Common Mistakes to Avoid When Interviewing for a Teaching Position

So, you’ve landed that long-awaited interview. You have the right qualifications and experience, and you are confident in your abilities. However, despite your confidence, you begin to feel anxious because you are unsure of what to expect during the interview. What you’re feeling is very common. No two interviews are the same, so there is no way of knowing what to expect completely. However, there are a few mistakes that you should know to avoid in order to ensure that you give your best performance. While preparing for teacher jobs, how do you plan to answer specific questions? Also, understand how you should conduct yourself to leave a positive impression in an interview.

During an interview, a recruiter often seeks to learn more about your personality than your ability to answer questions “correctly.” Therefore, it is important that you give an honest assessment of yourself while demonstrating the positive aspects of your character.

Below are a few common mistakes that candidates make during interviews for school teacher jobs. Be sure to avoid them during your next interview.

1. Answering Questions Inaccurately

During an interview, we often try to determine what our future employer expects from an ideal candidate and answer questions accordingly. However, embellishing your experience or making altogether dishonest claims about your background will have an adverse effect. Avoid falsely playing up any experience that you lack, and answer questions honestly.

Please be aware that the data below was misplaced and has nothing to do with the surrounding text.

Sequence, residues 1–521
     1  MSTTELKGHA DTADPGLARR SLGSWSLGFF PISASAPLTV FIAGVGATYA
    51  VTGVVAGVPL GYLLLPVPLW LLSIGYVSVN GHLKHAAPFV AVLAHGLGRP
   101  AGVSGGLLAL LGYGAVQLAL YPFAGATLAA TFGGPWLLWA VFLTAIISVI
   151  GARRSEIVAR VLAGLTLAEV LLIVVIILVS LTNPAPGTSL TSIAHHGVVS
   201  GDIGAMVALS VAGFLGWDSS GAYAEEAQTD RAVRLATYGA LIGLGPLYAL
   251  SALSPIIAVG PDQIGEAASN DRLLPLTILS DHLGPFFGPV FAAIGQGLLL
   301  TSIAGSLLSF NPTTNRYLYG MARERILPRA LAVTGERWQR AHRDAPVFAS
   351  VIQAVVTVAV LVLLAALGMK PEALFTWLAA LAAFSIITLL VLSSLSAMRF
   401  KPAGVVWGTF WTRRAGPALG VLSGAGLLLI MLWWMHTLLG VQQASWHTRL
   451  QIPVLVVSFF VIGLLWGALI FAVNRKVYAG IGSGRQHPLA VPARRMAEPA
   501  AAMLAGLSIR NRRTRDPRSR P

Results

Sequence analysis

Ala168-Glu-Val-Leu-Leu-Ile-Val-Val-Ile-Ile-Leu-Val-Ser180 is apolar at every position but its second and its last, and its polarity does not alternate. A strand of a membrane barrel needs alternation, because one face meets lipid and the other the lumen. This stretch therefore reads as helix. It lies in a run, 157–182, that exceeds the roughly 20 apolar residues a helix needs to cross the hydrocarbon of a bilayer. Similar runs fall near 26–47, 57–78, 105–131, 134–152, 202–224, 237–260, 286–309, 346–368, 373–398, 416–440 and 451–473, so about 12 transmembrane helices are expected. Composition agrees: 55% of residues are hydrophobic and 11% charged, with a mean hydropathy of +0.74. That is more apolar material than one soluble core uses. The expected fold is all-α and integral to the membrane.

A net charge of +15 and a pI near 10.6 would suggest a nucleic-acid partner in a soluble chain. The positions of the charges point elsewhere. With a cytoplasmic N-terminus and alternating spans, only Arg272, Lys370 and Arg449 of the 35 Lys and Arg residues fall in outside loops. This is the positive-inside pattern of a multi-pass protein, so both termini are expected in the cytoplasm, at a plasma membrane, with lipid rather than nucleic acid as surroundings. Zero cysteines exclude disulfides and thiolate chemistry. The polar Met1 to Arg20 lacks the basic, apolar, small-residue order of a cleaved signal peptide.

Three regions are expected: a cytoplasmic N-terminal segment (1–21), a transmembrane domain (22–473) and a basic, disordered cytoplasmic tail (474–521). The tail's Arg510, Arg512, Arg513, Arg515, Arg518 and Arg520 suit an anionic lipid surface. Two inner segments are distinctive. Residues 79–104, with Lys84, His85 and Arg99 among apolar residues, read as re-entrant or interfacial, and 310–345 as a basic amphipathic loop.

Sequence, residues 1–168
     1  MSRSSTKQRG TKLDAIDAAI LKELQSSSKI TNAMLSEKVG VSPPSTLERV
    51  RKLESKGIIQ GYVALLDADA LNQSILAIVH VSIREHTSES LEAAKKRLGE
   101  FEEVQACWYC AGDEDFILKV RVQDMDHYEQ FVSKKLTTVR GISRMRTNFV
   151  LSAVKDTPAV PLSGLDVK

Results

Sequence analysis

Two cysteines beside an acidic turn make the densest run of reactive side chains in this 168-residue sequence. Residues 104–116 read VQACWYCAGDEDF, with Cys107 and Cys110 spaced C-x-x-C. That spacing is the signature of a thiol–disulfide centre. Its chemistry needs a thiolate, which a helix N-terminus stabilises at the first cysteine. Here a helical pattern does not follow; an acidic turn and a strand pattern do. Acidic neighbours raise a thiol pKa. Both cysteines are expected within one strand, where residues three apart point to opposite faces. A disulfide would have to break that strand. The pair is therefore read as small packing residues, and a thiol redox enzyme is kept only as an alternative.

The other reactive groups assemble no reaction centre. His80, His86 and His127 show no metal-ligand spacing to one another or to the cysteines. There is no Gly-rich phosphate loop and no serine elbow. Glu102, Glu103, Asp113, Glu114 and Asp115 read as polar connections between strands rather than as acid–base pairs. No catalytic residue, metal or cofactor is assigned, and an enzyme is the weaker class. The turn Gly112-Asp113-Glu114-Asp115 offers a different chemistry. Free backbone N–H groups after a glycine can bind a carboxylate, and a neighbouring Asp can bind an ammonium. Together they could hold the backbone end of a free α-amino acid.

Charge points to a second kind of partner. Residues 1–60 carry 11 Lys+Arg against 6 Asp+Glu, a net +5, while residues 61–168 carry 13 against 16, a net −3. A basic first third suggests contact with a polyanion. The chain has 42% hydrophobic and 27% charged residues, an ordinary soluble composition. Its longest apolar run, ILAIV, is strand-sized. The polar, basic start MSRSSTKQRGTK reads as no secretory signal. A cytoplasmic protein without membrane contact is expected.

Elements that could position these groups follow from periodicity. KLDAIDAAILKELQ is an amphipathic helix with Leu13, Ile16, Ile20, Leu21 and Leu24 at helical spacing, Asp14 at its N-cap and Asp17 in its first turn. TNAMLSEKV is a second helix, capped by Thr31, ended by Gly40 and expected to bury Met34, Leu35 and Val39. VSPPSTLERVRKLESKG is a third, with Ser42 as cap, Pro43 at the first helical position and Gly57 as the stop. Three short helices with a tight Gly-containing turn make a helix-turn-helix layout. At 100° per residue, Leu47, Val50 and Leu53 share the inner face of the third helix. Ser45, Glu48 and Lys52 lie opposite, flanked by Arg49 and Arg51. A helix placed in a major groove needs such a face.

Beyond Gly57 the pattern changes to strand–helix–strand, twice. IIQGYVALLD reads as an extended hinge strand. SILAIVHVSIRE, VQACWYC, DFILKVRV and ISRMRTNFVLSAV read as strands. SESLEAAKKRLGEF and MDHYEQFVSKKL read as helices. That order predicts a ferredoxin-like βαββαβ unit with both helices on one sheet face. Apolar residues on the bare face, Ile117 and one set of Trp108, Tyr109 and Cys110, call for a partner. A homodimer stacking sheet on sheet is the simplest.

2. Being Too Modest

While you shouldn’t exaggerate your experience, you also shouldn’t be too modest. As long as you are answering accurately, feel free to show off your abilities. Also, be sure to quantify your achievements if possible. For example, if you improve the overall test scores of your previous class, quantify the positive change with a percent increase. Keep in mind that you need to market yourself, so don’t be afraid to be proud of past accomplishments.

3. Displaying Negative Body Language

Avoiding eye contact and not smiling can be detrimental during an interview for teaching jobs. Teachers should be very effective communicators, so they must display positive body language. They must seem friendly and interested. During your interview, show your enthusiasm upon first meeting your interviewers – say hello, smile, and look them in the eye as though you are really happy to meet them. Your body language should reflect a warm presence that they would expect a teacher to have in the classroom.

4. Being Too Nervous

Getting nervous during an interview is very common and understandable. However, you don’t want to appear so nervous that your abilities are called into question. The trick is to control your nervousness and try to channel it into enthusiasm for the job. Interviewers will be much more forgiving if they sense that a candidate’s nervousness is the result of a strong desire for the position. Teachers need to present themselves as confident leaders. The school looks for a person who can control a group of unruly kids. To help calm your nerves, practice some breathing exercises before your interview. Also, slow your pace when talking, as it will help you control your breathing and speak more articulately.

5. Talking Negatively About Previous Positions

There is one question that is ultimately asked in every interview: ‘What was your reason for leaving your previous position?’ Now, you may think that there is nothing wrong with being honest and letting the hiring manager know about the negative aspects of your last job. However, complaining about a previous employer is a big mistake to make in an interview. Badmouthing your previous employer might suggest that you are difficult to work with, regardless of how justified your complaints may be. Your interviewer is trying to get a sense of your personality, so don’t dwell on past experiences and cast yourself in a negative light. Rather, take the time to discuss what you find so exciting about the new opportunity.

It is human to make mistakes, and no single mistake will prevent you from succeeding in an interview. However, doing your best to avoid these errors can increase the possibility of your landing the job. We hope that these pointers are of help as you prepare for your future interviews.

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